The downside new TV blockbusters, then, maybe they are doomed to look more like movie blockbusters: on the scale of a dragon, on the ambition createdative of a mouse, at least when it comes to anything that doesn't involve an established brand. The efforts of other outlets to create original genre franchises, like HBO's labyrinthine steampunk series " Les Nevers ,” was less successful.
On the one hand, the fact that the next expansion "The Lord of the Rings " is coming to your living room rather than your local multiplex is a sign of a future of
If we're stuck with old rac storiesat great cost, the hope is that they will at least have something to say at a new time. From what we know of the genre epics in the new season (most of which, at press time, critics haven't seen yet), it's nothing cheerful. Image Alfred Enoch in " Foundation "on Apple TV +, which is based on the novels of Isaac Asimov. Credit ... Helen Sloan / Apple TV +
If there is a common thread running through many of them, it is the world Of course, this is often evident in high fantasy and science fiction, but catastrophes at the heart of these series - the revenge of nature, self-destruction by pride - could speak loudlynow (if you can hear them over the extreme weather warnings).
Even shows that aren't prequels are often preludes to a downfall. The films "The Lord of the Rings ", for example, arrived by an accident of time as a kind of rallying call after the attacks of September 11th. The new series takes place thousands of years before the events of the films, in the Second Age of Middle-earth - which, if you know your Tolkien, ended with the legendary kingdom of Numenor being engulfed by the sea in a cataclysm he caused himself.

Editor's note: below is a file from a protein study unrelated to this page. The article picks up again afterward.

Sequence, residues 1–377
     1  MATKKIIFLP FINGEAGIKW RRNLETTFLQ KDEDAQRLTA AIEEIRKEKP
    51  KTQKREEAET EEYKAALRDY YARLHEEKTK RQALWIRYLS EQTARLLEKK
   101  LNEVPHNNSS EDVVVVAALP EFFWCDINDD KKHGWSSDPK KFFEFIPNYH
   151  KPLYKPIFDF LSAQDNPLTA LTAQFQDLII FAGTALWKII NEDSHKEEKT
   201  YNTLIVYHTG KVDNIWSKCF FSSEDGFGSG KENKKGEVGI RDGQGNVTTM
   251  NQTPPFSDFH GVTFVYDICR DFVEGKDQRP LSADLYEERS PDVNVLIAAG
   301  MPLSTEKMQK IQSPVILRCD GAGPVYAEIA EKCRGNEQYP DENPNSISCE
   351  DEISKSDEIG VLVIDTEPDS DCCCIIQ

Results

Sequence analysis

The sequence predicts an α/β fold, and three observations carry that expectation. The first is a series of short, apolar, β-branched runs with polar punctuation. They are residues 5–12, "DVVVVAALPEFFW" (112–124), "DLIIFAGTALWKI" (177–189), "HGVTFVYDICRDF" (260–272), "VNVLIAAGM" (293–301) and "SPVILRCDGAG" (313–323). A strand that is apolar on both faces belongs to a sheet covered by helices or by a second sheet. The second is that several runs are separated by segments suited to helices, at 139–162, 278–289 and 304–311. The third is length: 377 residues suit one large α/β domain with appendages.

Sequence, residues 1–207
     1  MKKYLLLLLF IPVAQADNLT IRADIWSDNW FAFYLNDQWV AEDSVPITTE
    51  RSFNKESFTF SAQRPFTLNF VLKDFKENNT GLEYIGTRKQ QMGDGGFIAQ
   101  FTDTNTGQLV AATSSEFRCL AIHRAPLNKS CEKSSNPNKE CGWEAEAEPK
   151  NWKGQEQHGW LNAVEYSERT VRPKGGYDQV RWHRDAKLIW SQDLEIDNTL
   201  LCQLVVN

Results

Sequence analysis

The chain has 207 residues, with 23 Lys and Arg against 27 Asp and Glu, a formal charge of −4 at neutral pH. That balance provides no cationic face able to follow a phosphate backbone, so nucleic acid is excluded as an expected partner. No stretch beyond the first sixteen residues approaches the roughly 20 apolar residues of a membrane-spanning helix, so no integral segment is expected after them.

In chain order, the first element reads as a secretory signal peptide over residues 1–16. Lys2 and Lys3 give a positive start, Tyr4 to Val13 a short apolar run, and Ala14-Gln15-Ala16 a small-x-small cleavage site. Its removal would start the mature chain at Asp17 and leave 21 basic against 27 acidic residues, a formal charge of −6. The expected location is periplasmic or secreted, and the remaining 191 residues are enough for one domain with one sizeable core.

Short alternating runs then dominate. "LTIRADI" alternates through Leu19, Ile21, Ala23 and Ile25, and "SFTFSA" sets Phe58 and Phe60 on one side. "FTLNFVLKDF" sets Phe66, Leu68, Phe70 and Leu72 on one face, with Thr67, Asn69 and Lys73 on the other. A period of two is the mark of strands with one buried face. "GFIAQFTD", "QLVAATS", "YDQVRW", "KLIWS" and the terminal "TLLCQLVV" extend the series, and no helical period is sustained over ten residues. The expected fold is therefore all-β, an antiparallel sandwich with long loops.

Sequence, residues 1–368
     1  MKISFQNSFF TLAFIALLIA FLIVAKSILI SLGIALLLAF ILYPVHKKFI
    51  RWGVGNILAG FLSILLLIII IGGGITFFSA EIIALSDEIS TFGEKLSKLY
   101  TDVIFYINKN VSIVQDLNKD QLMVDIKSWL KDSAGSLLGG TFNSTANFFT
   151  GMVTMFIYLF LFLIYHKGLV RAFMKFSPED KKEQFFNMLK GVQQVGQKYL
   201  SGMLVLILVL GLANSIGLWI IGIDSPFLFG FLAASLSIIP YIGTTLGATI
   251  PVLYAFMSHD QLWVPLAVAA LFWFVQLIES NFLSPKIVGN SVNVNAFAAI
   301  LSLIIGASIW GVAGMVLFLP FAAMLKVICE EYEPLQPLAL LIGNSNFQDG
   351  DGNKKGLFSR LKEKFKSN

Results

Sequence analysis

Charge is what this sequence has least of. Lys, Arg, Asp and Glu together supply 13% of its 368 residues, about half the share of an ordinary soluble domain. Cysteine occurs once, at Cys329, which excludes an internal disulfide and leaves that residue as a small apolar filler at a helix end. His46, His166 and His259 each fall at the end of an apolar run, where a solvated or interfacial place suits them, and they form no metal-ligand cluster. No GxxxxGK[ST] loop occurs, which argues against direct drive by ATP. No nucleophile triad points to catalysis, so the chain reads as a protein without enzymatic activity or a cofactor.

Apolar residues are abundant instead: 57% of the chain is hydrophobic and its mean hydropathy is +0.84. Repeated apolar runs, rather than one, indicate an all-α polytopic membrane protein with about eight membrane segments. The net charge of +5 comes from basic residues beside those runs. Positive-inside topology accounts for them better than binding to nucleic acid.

Likewise, "Foundation", telling the story of a man-made disaster that cannot be stopped, but only mitigated, could have a lot to say to a society that has been lived through and that expects [gestures at all]. We have a royal house condemned to "Dragon"; dans "Y ", a pandemic story that combines an apocalyptic political intrigue with a more gender-specific version of "The Walking Dead ".
And " The Wheel of Time ", already renewed for a second season before the premiere appeared, is built on a mythology that involves a repeated cycle of renewal and destruction. This theme may reflect not only an anxious world, but the rise and the fall of the media trends that produced this series and its peers.
The epic, most elusive and awe-inspiring TV event of Fabled Beasts, may well have been pronounced dead. But that doesn't mean he can't ascend, even if it's in an all too familiar form.